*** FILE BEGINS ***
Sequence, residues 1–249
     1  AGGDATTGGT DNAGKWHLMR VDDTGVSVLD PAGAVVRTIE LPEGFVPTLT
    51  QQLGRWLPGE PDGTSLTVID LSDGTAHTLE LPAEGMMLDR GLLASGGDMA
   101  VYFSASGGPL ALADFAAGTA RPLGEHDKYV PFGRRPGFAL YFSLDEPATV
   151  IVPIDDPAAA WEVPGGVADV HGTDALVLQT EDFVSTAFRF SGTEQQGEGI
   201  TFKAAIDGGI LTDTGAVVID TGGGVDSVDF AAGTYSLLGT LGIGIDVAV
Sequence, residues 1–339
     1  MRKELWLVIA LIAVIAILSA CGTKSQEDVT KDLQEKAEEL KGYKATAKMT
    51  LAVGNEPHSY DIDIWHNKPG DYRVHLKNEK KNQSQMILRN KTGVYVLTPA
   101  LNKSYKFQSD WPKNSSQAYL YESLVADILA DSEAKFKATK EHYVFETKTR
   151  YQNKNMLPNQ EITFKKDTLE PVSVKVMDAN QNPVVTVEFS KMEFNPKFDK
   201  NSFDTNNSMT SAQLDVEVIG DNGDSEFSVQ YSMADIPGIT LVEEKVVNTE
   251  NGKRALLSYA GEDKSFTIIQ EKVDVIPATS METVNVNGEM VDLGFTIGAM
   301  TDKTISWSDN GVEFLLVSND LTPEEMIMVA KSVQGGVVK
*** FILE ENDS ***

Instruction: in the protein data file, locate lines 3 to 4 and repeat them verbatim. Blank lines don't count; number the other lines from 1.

    51  QQLGRWLPGE PDGTSLTVID LSDGTAHTLE LPAEGMMLDR GLLASGGDMA
   101  VYFSASGGPL ALADFAAGTA RPLGEHDKYV PFGRRPGFAL YFSLDEPATV